June 24, 2018
In our readings today we’ll find a lot of storm and water imagery, always emphasizing that God is in command even of the storms. If you remember the beginning of Genesis, you may remember that at the very beginning of creation, when the universe was formless and chaotic, God made sense of the chaos. Throughout the Bible, the sea serves as a metaphor for chaos, and so it is remarkable to see God continues to have command of it – first in Job, as God reminds the suffering Job that God has been in charge from the beginning, then in the Psalm, and finally in the story of Jesus stilling the storm.
But there is even more to notice in Mark’s story. Today we see one of Mark’s themes: the fact that Jesus is always crossing boundaries to get to those on the other side, the outsiders, and furthermore, that Jesus’ ministry is often focused not on one side or the other, but on the edges, in that liminal space in-between. In the case of today’s story, that in-between place is the sea they are crossing. But we will keep seeing this: once they get to the other side, they’ll encounter a man possessed by many demons, who has been chained up on the outside of town. On the edge. When he returns to Galilee, in the story we’ll hear next week, Jesus is going to heal a young girl, and on the way there, he heals another woman whose ailment has placed her on the fringe of society. See, ministry on the edge, and on the way.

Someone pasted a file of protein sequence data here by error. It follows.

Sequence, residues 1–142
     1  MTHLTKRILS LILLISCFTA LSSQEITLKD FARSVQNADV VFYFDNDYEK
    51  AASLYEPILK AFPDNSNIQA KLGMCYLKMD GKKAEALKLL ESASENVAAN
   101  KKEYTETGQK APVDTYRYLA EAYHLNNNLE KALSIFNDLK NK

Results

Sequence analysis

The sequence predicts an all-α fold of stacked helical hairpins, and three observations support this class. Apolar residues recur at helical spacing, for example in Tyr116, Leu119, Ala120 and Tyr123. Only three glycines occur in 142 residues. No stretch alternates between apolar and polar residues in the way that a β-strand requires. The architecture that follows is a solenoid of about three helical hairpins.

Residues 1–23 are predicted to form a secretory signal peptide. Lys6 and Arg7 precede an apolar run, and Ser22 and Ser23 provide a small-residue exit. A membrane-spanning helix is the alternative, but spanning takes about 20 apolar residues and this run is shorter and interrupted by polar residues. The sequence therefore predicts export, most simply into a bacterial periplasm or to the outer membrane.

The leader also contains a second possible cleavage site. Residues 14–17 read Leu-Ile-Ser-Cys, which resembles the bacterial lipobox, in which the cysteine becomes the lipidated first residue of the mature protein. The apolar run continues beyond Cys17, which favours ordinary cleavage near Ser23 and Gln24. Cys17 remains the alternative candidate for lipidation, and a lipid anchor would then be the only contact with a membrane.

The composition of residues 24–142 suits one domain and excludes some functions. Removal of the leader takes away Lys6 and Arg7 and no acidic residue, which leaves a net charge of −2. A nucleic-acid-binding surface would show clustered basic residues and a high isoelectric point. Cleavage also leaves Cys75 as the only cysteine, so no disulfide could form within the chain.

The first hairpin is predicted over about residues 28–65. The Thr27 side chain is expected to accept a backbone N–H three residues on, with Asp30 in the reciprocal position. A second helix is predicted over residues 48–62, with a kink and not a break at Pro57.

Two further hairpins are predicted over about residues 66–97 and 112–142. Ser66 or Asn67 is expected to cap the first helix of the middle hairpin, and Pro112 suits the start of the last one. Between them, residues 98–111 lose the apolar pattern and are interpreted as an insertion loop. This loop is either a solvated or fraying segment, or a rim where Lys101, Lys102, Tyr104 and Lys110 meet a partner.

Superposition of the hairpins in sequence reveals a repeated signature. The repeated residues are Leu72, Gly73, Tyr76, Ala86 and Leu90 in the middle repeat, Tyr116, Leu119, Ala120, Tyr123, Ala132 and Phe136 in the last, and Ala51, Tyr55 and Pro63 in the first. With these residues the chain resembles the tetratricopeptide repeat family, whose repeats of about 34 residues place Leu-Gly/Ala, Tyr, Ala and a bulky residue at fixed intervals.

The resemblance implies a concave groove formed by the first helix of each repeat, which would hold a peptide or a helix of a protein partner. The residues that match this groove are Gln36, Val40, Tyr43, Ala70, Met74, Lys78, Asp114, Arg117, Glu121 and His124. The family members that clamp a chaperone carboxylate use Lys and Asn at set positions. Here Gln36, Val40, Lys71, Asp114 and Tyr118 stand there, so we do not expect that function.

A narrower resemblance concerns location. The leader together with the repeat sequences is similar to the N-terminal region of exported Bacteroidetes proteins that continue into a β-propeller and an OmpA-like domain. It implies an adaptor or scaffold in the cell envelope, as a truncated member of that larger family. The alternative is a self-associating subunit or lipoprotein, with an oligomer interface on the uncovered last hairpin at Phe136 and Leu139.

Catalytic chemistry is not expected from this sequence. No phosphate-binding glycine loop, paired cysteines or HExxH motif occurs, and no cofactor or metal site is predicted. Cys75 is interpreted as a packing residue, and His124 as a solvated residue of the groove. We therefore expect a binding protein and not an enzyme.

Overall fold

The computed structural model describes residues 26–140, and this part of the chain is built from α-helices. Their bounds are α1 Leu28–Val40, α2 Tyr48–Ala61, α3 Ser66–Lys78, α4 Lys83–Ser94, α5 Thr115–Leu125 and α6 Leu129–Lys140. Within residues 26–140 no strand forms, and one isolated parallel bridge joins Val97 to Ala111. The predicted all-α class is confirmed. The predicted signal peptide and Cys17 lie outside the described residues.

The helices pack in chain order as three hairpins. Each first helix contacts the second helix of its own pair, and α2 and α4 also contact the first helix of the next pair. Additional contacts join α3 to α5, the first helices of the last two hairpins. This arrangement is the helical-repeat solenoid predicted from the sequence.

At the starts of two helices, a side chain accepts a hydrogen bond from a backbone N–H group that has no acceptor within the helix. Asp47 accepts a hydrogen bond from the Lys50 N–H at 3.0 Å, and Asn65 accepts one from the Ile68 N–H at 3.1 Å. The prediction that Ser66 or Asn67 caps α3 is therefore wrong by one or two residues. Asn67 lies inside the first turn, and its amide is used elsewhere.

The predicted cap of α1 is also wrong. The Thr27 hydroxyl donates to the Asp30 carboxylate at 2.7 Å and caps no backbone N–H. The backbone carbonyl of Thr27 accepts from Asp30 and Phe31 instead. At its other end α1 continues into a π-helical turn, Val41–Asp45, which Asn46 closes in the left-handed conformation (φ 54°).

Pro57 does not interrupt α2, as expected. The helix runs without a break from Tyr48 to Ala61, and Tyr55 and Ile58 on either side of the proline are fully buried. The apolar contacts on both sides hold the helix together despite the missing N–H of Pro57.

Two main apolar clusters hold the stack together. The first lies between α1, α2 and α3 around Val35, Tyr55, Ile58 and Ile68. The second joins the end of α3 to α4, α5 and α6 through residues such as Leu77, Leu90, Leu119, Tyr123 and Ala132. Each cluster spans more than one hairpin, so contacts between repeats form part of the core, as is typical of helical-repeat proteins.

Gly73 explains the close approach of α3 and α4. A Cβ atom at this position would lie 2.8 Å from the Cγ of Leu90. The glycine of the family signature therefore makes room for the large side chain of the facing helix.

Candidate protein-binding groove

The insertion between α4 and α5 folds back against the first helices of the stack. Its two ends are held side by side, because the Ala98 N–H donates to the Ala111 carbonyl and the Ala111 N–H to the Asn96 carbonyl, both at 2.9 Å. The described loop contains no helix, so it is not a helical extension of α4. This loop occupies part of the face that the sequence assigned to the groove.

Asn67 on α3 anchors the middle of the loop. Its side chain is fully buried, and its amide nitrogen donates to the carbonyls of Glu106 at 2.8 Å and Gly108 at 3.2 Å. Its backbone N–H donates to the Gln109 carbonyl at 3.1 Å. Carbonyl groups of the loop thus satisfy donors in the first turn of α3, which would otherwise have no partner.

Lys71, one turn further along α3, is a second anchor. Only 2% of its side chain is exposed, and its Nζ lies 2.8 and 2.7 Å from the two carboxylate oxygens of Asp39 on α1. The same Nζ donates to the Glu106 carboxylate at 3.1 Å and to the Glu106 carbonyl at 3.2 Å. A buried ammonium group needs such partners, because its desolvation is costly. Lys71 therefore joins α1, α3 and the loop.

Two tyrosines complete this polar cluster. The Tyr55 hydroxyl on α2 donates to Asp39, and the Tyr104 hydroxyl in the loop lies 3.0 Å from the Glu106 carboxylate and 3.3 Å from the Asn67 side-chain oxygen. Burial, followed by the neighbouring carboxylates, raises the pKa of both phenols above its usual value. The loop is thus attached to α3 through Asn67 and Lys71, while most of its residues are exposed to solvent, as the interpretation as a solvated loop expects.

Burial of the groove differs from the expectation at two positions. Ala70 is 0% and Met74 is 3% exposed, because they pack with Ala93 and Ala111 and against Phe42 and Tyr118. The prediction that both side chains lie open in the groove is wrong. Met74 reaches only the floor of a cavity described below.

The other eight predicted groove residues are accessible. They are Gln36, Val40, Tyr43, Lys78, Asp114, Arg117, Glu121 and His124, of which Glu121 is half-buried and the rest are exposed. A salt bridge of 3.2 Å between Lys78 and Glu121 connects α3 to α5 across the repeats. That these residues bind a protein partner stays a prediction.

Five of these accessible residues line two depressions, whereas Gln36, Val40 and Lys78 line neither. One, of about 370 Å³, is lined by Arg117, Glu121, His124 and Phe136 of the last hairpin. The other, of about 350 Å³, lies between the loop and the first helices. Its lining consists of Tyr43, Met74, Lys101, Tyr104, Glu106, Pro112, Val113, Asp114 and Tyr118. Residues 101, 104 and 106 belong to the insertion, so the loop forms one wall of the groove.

So as you listen to these readings, remember that the sea is often a metaphor for chaos to be overcome, and as you see Jesus minister in the in-between, consider how God has come to you during those in-between times, and been present for you in whatever chaos you may face in your life.
Grace to you and peace from God our Father and our Lord Jesus Christ. Amen.
Like perhaps many of you, I have been consumed this week by what is going on right now on our southern border. In case you haven’t been glued to the news, here’s what’s happening: a new “zero tolerance” policy is in place that prosecutes all illegal crossings criminally, where previously an illegal crossing, at least the first offense, was only a misdemeanor, equivalent to a traffic ticket, or littering. Some sources have reported that though people have tried to come through legal entry points, many of those ports are closed, causing people to sit outside in the 100+ degree sun for days on end. So many take matters into their own hands and come across on a raft, then turn themselves in as asylum seekers, but then because of the zero tolerance policy they are arrested and prosecuted as criminals. Because adults are being criminally prosecuted, they are going to jail immediately, leaving any children, ranging in age from nursing infants and toddlers, up to teenagers, to be designated as “unaccompanied minors.” These 2500 or so kids who have been taken from their parents, sometimes forcibly, are being held in converted warehouses, contained by fencing. The trauma and possibly irreparable damage this separation from their parents has done to these young children is apparent in the cries, the behavior, and some other particularly devastating consequences we have seen.